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The 2019 Yankees and RBI

If you’re reading this site, chances are you’ve at least dipped a toe into the waters of analytics, sabermetrics, whatever you want to call it. Even if you haven’t done more than that–or even that at all–you likely know that RBI isn’t exactly an ‘in vogue’ measure of a player’s performance. And, really, it shouldn’t be. While getting a hit with a man on base is great, that hitter didn’t do the work to put the men on base. At best, a high RBI total shows us a combination of skill–getting the hit–and chance–hitting while there happened to be men on in front of you. 

Stil, RBI tells us a story–who scored when and courtesy of whom. Without that story, the story of the game itself can’t be told. Earlier in the week, I saw a story about RBI that caught my attention. 

In a Facebook group, someone mentioned Luis Castillo’s 2000 season, in which he notched 17 RBI in 626 (!) plate appearances. Curious as to how that happened, I went to Castillo’s game logs page on Baseball Reference and looked up this handy chart:

Despite how shockingly low that is, especially when you see it compared to the average, it makes sense. Castillo was mostly a leadoff guy who was on a below average (79-82) team, so he routinely had bad hitters and the pitcher in front of him to drive in. The whole thing, though, got me curious about the Yankees. How good were they at driving in runners? Let’s take a look, using some charts. I included only those who had 300+ PA.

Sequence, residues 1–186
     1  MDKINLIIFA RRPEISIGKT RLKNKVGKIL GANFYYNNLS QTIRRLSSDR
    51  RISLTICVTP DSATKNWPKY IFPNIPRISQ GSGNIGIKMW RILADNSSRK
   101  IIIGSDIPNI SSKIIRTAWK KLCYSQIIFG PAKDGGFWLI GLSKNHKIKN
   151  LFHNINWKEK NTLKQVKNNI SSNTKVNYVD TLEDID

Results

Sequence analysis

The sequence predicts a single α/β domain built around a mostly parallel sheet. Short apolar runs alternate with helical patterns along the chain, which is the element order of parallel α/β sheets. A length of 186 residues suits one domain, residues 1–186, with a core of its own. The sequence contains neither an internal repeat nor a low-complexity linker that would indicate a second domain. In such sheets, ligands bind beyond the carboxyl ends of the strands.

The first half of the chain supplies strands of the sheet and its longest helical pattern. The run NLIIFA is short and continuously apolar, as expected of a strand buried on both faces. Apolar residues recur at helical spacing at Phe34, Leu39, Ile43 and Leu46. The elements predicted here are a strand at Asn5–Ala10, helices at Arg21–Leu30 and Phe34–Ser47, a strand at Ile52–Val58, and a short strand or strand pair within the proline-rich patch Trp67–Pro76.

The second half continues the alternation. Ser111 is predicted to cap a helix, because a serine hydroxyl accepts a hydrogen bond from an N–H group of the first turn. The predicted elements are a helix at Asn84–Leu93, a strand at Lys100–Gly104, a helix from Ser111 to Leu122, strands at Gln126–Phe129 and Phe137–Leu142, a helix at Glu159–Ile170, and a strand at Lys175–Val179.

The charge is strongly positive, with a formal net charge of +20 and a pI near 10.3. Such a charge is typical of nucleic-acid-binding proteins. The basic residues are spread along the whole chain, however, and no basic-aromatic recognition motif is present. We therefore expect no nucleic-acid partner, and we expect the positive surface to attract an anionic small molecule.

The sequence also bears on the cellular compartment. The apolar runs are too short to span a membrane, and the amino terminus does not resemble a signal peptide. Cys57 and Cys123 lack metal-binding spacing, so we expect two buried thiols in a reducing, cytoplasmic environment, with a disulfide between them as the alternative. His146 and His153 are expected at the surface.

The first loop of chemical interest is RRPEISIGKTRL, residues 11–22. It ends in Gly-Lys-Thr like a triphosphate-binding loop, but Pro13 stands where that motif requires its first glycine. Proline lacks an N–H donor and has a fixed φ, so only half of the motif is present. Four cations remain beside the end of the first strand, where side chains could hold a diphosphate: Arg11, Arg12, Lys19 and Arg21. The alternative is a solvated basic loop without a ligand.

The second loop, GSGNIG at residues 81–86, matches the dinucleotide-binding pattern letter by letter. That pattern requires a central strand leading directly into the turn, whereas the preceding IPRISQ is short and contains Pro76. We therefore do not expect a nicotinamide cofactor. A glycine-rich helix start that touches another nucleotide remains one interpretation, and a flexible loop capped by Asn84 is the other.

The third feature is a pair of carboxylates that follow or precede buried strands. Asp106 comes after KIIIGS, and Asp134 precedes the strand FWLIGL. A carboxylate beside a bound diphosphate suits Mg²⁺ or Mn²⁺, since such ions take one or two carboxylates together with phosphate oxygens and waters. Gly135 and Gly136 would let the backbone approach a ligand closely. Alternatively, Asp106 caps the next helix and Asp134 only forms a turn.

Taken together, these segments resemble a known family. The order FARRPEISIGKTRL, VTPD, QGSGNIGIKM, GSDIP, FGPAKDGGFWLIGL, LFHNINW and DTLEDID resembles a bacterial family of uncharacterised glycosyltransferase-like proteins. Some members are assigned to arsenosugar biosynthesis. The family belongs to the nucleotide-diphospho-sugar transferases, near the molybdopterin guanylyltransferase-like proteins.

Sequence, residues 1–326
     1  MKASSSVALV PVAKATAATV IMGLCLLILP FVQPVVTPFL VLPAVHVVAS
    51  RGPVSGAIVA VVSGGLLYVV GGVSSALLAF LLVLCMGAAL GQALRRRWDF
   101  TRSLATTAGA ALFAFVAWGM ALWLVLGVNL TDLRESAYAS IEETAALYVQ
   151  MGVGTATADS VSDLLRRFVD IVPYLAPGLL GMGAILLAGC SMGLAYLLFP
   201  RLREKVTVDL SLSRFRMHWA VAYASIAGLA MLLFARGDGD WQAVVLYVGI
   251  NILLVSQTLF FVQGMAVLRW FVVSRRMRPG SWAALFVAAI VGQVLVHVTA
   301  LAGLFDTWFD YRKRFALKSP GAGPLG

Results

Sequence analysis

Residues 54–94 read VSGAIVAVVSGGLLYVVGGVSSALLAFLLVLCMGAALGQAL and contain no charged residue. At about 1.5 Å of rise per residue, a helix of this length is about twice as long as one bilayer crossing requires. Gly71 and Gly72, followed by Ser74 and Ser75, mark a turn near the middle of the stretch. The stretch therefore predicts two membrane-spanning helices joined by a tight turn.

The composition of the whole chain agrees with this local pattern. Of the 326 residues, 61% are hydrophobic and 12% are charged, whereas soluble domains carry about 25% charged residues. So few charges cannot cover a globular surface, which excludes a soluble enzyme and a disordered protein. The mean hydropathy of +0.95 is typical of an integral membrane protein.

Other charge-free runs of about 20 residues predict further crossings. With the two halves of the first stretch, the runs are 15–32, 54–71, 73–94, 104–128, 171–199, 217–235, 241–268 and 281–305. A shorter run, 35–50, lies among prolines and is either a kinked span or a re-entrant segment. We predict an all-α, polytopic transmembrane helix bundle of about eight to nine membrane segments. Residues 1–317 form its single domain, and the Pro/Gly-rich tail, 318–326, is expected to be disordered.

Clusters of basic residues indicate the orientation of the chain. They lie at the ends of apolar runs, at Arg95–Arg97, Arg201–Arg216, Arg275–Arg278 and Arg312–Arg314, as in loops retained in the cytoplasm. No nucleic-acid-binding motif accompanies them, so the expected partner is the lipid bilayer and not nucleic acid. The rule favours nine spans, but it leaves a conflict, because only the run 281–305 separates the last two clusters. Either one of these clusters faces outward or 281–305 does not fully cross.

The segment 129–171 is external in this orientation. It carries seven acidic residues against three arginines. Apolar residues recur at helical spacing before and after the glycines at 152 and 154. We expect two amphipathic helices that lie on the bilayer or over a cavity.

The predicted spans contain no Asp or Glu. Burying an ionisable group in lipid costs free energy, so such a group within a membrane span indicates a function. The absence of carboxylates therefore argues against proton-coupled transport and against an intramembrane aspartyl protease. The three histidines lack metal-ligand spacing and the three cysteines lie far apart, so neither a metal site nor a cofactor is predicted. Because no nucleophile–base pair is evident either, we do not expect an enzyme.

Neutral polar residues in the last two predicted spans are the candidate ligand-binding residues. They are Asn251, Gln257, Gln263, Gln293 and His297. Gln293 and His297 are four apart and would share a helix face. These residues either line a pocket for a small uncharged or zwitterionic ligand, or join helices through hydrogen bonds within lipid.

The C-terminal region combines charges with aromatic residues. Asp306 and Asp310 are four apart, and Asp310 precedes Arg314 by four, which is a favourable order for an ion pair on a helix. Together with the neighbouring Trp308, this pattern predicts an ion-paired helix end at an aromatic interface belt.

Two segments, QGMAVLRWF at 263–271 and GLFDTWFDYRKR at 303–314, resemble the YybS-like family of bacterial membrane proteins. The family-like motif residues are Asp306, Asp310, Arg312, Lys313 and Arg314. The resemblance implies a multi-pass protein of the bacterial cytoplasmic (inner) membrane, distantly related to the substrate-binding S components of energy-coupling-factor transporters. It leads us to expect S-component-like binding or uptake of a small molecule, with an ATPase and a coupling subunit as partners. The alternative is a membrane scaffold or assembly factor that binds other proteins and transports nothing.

Gary Sanchez

PAROBRBIRBI %AVG RBIAVG ROBAVG RBI %+/- RBI%
44629677265426321+5

Luke Voit

PAROBRBIRBI %AVG RBIAVG ROBAVG RBI %+/- RBI%
51032062196130020+1

DJ LeMahieu

PAROBRBIRBI %AVG RBIAVG ROBAVG RBI %+/- RBI%
655343102307938620+10

Didi Gregorius

PAROBRBIRBI %AVG RBIAVG ROBAVG RBI %+/- RBI%
34421561284120220+8

Gio Urshela

PAROBRBIRBI %AVG RBIAVG ROBAVG RBI %+/- RBI%
47630474245728020+4

Gleyber Torres

PAROBRBIRBI %AVG RBIAVG ROBAVG RBI %+/- RBI%
60436890247335621+3

Brett Gardner

PAROBRBIRBI %AVG RBIAVG ROBAVG RBI %+/- RBI%
55030574246632420+4

Aaron Judge

PAROBRBIRBI %AVG RBIAVG ROBAVG RBI %+/- RBI%
44724955225426321+1

This isn’t too surprising, is it? The Yankees get a lot of men on base–not one player had fewer than expected runners–and drive a lot of them in–not one player had fewer than expected RBI. As such, all of them are above the average expected RBI% by at least 1%, with DJLM smoking everyone else at 10% above average. 

Are these players good because they have high RBI totals and percentages compared to the average? No. They have those things because they are good players and they play with good players who get on base. RBI don’t tell the whole story, but they tell part of it. In this case, it’s another way of telling us the the Yankees are good at hitting. Plain and simple.